[think kit. day seventeen.]
SAN FRANCISCO — Mountains make me feel wonderfully small.
On a map, the world doesn’t seem so big. It’s easy to travel from end to end of a large city. I can look down upon national parks and world wonders from Google Earth.
Even a real bird’s-eye view makes things look small. The tiny cars, patchwork farms and model buildings make up a pretty toy world that I love to look at while flying.
But mountains are different. I don’t know if it’s because I grew up in flat-as-a-pancake Illinois, but the sight of snow caps on the horizon make me gasp every time I see them. The summer I lived in Portland, I saw Mt. Hood and Mt. St. Helens most mornings from my 13th-floor window, and it made me pause every day. Driving out there through Montana and Idaho was glorious, and I couldn’t take enough pictures.
I’ve flown out west twice this year: Once in November to reunite with my Portland friends and today to San Francisc, for a business trip. I had a layover in Salt Lake City during the Portland trip, and I shamelessly leaned over the window-seat passenger to see the glimmering lake and surrounding mountains.
This time, I had the window seat. About halfway through the flight, I glanced out at the dark landscape, and I saw a mix of deep grays and blues. I thought they were clouds at first, but my eyes adjusted and I saw the gray labyrinth below was not fluff but a series of flowing lines, meeting at sharp points and veering off again at other angles. The veiny imprint upon the ground was massive.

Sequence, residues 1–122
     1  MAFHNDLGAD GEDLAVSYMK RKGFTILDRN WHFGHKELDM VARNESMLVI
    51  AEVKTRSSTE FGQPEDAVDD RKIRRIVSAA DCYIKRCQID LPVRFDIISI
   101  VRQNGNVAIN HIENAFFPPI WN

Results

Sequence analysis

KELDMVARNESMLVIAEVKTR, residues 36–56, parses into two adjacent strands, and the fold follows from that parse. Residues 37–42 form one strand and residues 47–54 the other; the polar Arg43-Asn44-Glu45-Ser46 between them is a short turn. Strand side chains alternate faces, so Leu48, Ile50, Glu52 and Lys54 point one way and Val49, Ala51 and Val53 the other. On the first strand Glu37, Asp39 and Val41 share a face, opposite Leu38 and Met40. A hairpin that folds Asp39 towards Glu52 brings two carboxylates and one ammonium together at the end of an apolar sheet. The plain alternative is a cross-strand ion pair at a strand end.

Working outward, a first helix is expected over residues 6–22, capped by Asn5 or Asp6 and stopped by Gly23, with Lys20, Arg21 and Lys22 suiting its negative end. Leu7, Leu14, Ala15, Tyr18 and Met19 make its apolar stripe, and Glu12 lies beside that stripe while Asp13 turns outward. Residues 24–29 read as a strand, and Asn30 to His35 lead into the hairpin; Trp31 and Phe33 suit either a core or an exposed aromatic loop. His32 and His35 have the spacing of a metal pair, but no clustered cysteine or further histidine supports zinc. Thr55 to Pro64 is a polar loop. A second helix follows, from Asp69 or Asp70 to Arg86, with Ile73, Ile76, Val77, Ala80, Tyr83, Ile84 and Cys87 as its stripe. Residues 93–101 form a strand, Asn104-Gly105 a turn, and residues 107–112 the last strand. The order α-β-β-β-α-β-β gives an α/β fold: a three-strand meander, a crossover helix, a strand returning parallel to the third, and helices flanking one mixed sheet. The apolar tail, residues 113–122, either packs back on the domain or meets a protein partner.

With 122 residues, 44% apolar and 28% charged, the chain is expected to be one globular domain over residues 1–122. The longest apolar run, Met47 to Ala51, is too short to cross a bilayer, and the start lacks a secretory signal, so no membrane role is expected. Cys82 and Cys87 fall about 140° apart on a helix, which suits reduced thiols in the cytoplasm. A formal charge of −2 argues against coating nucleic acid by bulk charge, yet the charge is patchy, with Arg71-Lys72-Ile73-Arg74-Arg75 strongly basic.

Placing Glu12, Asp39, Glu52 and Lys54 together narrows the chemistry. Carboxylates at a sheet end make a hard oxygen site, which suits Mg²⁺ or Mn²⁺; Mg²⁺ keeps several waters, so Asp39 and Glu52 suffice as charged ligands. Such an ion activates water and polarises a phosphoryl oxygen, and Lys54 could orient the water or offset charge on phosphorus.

Mountains. Blankets of mountains as far as I could see. Eventually the peaks melted into the hazy stratosphere, and as I continued to gaze, I saw a perfect, three-part image framed by my window. The sky was so clear, and above the belt of haze, the stars popped against an endless navy blue dome. It was a wonderful progression of gray to blue, dotted every so often with the golden glow of a small mountain town.
I tracked the flight and saw that we were over the southwest corner of Colorado, approaching Utah. The window I had been looking at was actually a row behind (I was seated right behind the wing), and I slightly reclined my chair, pressing my ear into the headrest so I could stare.
It wasn’t comfortable, but I didn’t care. How could these mountains still be going? I couldn’t wrap my head around it. I can’t.
The mountains began to level, or the clouds thickened — I’m not sure, exactly, but I returned to the work I was doing 10 minutes earlier. I kept looking back, but there was nothing.
I want to see those sleeping mountains again. Perhaps I’ll get to visit them in my dreams tonight and enjoy the awe once more.
[Think Kit Dec. 17 prompt: Share a moment that stands out. Was it moving, or awkward, or infuriating, or ecstatic, or ______? Who was with you? Where were you?]